...making decisions on the basis of what seems best instead of following some single doctrine or style.
Me in a nutshell!!!

Wednesday, September 29, 2010

A Great Message for Americans...

This is a message well worth viewing.

Tuesday, September 28, 2010

Announcing the WINNER!!!!

Congratulations Kelly you were the random # picked by to win The Countess and The King by Susan Holloway Scott!!
I have sent you an email.

Monday, September 13, 2010

Book Giveaway The Countess and the King by Susan Holloway Scott...

Great giveaway of this wonderful book!!!! To enter in the giveaway make a comment including your email address. This is for U.S. and Canada only. Sorry about that.
Giveaway runs from today 9/13 - 9/27.

Good Luck!!!!!

Tuesday, September 7, 2010

Book Review of The Countess and the King by Susan Holloway Scott...

This is a mesmerizing story of 17th century England during the regin of Charles II. Such a tumultuous time to have lived. Scandalous affairs, libertines, and religious unrest. This is the world that Katherine Sedley was born into and raised. Her mother was crazy and her father was a well known libertine and favorite of King Charles II.

Katherine went to live with her father at the age of 10 and was brought up with indulgence and no discipline in the company of less than desirable characters such as the Duke of Buckingham and Rochester. Her father was her world and she was his. Katherine was never considered a beautiful child even said to be homely. She made up for her lack of beauty with her scathing wit. She was clever and percoious.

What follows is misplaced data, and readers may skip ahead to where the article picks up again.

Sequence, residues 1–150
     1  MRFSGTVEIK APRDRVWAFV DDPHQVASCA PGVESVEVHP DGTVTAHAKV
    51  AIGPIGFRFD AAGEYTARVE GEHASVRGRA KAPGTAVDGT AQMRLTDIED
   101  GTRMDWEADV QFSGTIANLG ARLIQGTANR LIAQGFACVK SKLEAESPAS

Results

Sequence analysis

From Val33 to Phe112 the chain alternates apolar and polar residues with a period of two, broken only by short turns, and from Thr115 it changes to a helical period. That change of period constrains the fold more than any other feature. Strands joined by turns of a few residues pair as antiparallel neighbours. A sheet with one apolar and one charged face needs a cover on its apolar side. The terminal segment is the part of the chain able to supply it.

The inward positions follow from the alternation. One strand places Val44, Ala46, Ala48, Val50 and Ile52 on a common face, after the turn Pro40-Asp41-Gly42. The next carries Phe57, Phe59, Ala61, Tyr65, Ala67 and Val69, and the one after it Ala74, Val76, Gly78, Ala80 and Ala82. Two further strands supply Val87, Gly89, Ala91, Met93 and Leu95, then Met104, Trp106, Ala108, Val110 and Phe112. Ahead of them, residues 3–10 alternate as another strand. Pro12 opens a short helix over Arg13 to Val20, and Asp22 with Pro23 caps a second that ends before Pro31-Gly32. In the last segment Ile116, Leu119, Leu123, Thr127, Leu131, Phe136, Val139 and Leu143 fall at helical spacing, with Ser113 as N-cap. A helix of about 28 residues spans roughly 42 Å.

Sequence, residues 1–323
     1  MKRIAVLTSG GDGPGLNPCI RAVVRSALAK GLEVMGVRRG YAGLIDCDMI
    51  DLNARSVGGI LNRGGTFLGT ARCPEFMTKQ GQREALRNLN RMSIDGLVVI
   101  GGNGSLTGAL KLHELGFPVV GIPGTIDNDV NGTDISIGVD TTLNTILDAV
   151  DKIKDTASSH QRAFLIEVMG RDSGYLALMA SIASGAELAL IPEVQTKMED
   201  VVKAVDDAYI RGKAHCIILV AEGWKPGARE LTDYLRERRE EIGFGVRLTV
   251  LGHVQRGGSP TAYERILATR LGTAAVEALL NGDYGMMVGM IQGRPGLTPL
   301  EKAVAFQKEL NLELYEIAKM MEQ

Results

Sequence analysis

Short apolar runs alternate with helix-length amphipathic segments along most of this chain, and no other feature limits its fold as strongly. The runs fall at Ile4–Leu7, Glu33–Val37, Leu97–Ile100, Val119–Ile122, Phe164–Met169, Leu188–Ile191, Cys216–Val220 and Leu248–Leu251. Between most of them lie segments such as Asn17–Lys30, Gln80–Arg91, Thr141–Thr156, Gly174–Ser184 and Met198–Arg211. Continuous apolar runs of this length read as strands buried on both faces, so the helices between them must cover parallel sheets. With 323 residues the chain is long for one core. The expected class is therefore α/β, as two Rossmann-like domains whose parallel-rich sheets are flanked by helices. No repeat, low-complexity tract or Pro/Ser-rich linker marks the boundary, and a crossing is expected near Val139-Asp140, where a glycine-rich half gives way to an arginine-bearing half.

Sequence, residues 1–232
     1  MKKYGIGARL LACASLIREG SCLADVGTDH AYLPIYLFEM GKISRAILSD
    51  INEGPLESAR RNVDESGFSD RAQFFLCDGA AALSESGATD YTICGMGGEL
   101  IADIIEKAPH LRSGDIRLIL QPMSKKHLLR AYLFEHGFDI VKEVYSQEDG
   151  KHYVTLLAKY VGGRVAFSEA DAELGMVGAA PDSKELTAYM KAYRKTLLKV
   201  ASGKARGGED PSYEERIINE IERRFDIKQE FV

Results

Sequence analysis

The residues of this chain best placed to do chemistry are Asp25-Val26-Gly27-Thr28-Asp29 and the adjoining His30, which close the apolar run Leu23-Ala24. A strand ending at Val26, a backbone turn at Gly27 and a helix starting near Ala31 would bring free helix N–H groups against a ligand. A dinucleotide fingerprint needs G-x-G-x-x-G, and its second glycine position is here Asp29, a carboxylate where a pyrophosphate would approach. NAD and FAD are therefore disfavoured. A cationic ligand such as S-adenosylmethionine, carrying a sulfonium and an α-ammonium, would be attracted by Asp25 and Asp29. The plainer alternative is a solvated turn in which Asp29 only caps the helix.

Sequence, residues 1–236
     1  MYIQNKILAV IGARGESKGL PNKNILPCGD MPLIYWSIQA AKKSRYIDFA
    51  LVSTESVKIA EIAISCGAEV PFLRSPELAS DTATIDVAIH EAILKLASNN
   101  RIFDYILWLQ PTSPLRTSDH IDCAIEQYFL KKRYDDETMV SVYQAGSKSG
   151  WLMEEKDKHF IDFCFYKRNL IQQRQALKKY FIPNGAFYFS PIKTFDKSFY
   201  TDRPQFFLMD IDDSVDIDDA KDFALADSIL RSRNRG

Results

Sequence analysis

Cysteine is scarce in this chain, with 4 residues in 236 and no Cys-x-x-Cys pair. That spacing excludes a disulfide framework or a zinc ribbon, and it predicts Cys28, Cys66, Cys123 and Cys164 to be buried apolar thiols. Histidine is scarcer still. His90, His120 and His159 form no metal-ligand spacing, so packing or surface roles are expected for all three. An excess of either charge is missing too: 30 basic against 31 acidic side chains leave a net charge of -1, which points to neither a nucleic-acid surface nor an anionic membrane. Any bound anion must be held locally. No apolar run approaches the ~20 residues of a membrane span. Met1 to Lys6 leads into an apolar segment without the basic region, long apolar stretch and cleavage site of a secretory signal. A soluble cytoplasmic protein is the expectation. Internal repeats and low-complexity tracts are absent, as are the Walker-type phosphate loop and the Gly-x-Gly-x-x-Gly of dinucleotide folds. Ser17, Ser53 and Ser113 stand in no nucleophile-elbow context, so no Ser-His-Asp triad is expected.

It is said that the habits established in youth are the hardest to break as the years pass, and certainly that was the case with me. My father's indulgence gave me much freedom and little guidance, and like the fledgling bird that tries to fly too soon to flutter unformed wings, my first attempts to act beyond my tender years were often not sweet. I told unseemly jests, I swore when I lost at cards, I laughed too loudly, and my ever sharpening wit was much more suited to one of Father's libertine friends than a brash, ungainly girl of thirteen. The Countess and the King pg. 43.

When Katherine was 15 she was not the least bit interested in marriage much to the dismay of her father the girl just wanted to have fun. Her world was just fine as it was until her father found his true love, Mrs. Ayscough. Katherine's life of late nights and late mornings were about to come to an end along with her inheritance. Mrs. Ayscough would become Lady Sedley and produce the longed for male heir which diminished Katherine's fortune by half. Her father will no longer be the fun loving libertine but a faithful, dutiful and responsible husband.